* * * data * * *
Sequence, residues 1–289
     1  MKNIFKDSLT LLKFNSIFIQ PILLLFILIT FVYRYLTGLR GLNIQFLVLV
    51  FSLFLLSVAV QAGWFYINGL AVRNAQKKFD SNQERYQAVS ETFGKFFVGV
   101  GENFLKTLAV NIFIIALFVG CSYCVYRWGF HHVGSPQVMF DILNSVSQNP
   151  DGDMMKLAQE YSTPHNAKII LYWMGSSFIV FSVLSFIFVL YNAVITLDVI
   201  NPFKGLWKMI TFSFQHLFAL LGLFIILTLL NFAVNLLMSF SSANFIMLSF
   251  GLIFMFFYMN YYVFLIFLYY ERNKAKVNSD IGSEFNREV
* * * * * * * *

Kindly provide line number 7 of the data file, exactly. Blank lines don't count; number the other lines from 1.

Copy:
   251  GLIFMFFYMN YYVFLIFLYY ERNKAKVNSD IGSEFNREV